Hepatitis: The Hidden Hazard12/21/12
FRIDAY, Dec. 21 (HealthDay News) -- Of all the diseases people
worry about getting, viral hepatitis is usually way down on the
list. Most often it's thought of as a disease that affects only
drug addicts or the sexually promiscuous. Though those groups are
at higher risk, almost anyone can contract hepatitis.
"The vast majority of people who have viral hepatitis, especially hepatitis C, don't know they have it, and that's the biggest problem we have with hepatitis," said Dr. David Bernstein, chief of hepatology at North Shore University Hospital in Manhasset, N.Y.
A bipartisan bill was introduced in Congress last year, the
Viral Hepatitis Testing Act of 2011, that would establish a
national system to identify the incidence of hepatitis B and C
infections, and provide funding to increase the availability of
According to the Centers for Disease Control and Prevention
(CDC), more than 2 million U.S. baby boomers are infected with
hepatitis C and many more may have the disease but not know it
because it often doesn't cause symptoms until it has caused severe
liver damage. The CDC recommends that all people born between 1945
and 1965 -- the baby boom generation -- get a blood test test for
the disease, and estimates that this would identify about 800,000
additional people as having hepatitis C, which could save more than
Last month, the U.S. Preventive Services Task Force released new
guidelines, updated from 2004, that take a somewhat softer stance
than those of the CDC. Instead of recommending screening for all
baby boomers, the task force suggests that clinicians "consider"
screening for this age group.
Hepatitis C is one of the three most common forms of viral
hepatitis, the other two being hepatitis A and B. Hepatitis is an
inflammation of the liver, and when that inflammation is caused by
a viral infection, the disease is known as viral hepatitis.
Hepatitis A is primarily an acute infection that gets better on
its own. The severity of hepatitis A can range from a mild illness
that lasts a few weeks to a severe condition that lingers for
months. Hepatitis A generally does not become chronic like
hepatitis B and C do. "In about 99 percent of people, hepatitis A
causes no long-term concerns [and is] very rarely serious," said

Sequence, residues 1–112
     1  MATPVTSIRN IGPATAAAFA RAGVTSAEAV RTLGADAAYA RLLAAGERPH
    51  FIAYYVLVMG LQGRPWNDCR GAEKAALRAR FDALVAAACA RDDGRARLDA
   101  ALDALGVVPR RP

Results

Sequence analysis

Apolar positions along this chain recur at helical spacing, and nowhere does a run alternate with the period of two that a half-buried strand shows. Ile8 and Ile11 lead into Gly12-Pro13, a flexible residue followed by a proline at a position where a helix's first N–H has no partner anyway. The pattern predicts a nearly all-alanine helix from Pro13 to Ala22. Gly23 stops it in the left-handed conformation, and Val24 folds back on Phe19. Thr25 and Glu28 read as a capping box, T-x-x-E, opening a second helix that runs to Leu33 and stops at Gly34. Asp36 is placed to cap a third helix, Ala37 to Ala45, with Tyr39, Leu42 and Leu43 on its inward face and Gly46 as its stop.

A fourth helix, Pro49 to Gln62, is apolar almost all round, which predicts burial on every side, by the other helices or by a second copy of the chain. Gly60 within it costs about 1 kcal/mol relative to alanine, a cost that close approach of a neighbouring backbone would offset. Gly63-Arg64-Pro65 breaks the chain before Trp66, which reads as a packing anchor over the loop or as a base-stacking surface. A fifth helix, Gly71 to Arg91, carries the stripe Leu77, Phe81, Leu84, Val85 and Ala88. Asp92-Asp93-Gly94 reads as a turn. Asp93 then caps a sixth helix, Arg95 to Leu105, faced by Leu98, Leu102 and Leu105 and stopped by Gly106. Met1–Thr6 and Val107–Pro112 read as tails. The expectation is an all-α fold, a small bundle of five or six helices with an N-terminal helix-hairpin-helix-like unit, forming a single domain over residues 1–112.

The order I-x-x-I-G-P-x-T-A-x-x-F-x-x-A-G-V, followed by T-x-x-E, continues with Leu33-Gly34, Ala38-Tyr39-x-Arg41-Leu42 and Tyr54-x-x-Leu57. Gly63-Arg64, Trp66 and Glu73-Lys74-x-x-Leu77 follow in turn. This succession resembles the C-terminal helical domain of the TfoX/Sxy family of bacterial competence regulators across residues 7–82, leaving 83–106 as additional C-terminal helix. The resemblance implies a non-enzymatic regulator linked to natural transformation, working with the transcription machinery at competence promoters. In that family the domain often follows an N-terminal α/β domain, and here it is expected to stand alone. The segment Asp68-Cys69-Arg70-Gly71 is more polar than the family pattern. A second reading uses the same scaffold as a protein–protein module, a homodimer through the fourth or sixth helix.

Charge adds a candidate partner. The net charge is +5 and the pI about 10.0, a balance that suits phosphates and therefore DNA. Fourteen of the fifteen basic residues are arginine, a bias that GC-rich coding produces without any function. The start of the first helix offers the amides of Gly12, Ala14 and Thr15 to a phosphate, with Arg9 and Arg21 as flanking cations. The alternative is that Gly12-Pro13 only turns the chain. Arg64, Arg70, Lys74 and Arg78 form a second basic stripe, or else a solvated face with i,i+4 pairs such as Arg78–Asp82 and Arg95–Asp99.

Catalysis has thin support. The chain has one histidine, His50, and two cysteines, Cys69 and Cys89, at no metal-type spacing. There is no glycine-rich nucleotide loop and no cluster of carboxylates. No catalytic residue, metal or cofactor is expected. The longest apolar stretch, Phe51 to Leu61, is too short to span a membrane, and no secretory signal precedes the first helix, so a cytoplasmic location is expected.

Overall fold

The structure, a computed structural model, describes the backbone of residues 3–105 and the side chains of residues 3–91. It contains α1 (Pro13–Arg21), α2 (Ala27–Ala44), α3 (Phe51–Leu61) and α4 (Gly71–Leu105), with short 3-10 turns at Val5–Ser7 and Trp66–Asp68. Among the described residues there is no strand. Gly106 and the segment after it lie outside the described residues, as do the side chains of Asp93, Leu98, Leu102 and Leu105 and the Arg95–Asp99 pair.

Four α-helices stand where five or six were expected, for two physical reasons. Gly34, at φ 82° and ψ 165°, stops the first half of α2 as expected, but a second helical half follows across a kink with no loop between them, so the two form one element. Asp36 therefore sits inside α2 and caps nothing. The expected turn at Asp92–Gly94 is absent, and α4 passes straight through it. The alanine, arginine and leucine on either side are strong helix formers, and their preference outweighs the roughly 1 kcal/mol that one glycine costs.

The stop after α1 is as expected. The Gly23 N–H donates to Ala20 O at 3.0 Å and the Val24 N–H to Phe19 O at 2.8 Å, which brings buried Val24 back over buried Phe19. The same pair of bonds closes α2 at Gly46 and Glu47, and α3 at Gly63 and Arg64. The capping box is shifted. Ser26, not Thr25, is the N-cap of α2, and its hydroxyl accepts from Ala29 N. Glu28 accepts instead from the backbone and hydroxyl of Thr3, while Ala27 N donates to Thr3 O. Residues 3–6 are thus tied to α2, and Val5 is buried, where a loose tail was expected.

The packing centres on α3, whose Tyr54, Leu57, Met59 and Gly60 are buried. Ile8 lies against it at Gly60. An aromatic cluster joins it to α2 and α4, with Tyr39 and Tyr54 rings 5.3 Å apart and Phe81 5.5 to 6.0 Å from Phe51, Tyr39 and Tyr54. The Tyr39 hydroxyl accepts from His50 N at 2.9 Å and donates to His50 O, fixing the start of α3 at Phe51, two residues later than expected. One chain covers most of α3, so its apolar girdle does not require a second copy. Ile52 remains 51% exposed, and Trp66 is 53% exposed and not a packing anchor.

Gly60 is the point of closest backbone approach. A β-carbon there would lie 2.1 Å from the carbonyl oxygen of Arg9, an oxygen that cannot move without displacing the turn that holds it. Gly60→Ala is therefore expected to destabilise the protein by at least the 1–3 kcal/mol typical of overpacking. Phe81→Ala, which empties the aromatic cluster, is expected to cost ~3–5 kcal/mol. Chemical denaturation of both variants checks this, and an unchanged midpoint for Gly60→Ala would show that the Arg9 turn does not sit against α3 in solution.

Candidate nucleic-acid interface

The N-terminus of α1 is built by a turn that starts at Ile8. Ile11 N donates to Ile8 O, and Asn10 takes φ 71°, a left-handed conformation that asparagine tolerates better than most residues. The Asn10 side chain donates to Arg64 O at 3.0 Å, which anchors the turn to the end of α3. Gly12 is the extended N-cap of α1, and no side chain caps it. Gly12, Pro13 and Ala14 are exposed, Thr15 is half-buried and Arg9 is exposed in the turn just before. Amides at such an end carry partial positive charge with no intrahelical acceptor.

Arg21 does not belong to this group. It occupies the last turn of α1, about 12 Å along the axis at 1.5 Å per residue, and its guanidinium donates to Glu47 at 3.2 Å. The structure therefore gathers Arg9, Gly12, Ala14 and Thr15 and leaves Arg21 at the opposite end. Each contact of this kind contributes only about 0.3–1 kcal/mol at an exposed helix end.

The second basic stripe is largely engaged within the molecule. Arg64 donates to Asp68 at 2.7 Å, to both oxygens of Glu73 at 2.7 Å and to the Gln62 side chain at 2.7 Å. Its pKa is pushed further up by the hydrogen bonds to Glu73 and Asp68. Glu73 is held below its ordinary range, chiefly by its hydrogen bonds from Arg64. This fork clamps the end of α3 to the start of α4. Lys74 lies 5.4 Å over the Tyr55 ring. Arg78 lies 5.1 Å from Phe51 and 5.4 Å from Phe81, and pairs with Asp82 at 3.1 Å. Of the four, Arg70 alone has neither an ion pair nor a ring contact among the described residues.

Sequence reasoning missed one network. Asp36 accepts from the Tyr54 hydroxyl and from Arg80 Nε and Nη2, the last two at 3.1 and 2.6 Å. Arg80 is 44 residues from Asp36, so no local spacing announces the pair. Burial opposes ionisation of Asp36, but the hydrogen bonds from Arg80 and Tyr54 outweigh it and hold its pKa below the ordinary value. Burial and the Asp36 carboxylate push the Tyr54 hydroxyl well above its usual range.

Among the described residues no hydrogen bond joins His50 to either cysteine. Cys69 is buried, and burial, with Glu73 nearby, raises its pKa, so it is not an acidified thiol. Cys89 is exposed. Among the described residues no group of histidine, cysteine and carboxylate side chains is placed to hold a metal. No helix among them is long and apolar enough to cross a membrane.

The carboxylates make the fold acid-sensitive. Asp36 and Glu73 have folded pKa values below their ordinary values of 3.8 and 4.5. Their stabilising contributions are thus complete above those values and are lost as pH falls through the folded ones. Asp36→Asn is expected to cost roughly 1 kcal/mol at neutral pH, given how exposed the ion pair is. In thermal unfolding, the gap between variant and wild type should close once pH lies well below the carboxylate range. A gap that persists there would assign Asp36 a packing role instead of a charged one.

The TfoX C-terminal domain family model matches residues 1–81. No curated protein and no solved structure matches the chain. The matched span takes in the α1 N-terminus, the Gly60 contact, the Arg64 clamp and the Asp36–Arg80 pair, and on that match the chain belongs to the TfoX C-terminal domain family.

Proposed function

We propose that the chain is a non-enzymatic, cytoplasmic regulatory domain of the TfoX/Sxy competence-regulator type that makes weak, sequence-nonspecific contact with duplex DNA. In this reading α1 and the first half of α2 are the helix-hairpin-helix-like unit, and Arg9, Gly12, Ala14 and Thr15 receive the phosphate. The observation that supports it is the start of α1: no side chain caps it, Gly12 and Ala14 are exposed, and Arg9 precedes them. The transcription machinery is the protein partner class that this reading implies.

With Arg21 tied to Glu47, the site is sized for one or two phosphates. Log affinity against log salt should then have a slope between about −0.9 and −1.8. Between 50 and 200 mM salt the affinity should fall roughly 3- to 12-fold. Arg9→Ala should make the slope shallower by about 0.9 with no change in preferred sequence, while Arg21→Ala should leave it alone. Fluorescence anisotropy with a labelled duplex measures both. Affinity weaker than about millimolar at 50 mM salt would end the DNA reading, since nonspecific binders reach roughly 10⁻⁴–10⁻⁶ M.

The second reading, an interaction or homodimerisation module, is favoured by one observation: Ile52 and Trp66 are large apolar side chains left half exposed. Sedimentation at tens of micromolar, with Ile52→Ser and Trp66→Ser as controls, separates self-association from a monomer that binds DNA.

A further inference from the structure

Dr. Bruce Bacon, a professor of internal medicine in the division
of gastroenterology and hepatology at the St. Louis University
School of Medicine in Missouri.
Hepatitis A is spread through fecal contamination, often in food
or drinks, according to the CDC. Its symptoms, which are similar to
those of other foodborne illnesses, include fever, nausea, vomiting
and abdominal pain. Hepatitis A does not require any specific
treatment, and there's a vaccine available to prevent it.
Hepatitis B, on the other hand, is a more serious form of viral
hepatitis. It often causes no symptoms, leaving people unaware that
they've been infected. The disease can pass from mother to infant
during birth or by having sex with an infected partner, sharing
drug needles or even sharing such items as a razor or toothbrush
with an infected person, according to the CDC. There's no cure for
hepatitis B, although a vaccine can prevent the disease.
"For hepatitis B, most of the time transmission is from mother to child at childbirth," Bacon said. "But in the U.S., if hepatitis B is identified in the mother, the baby can be vaccinated at the time of childbirth and given [an additional medication] that can usually break the transmission cycle."
Hepatitis C is spread through the blood, according to Bernstein.
That's why people who've shared straws to snort cocaine or needles
to inject drugs face a higher risk for infections. Also at greater
risk are people who had blood transfusions before 1992, when the
blood supply started being screened routinely for hepatitis C.
Those are the people who should be screened, according to the
task force guidelines. These high-risk individuals have about a 50
percent chance of being infected with hepatitis C, whereas people
born between 1946 and 1964 have a 3 percent to 4 percent chance of
being infected, said task force member Dr. Kirsten Bibbins-Domingo,
an associate professor of medicine and of epidemiology and
biostatistics at the University of California, San Francisco.
You can't alter the past, but you can improve your future, Bacon
said. "There's nothing much you can do about what happened 20 or 30
years ago if you had a youthful indiscretion or were given a blood
transfusion, but you can get tested," Bacon said. "We have
treatments that can cure hepatitis C, so there's good reason to
find out whether or not you've got it."
Bernstein said that cure rates for hepatitis C are now 75
percent and higher, depending on the specific type of hepatitis C
infection that a person has.
The U.S. Centers for Disease Control and Prevention offers a
assessment of viral hepatitis risk.
To learn more about one man's struggle with hepatitis C, click
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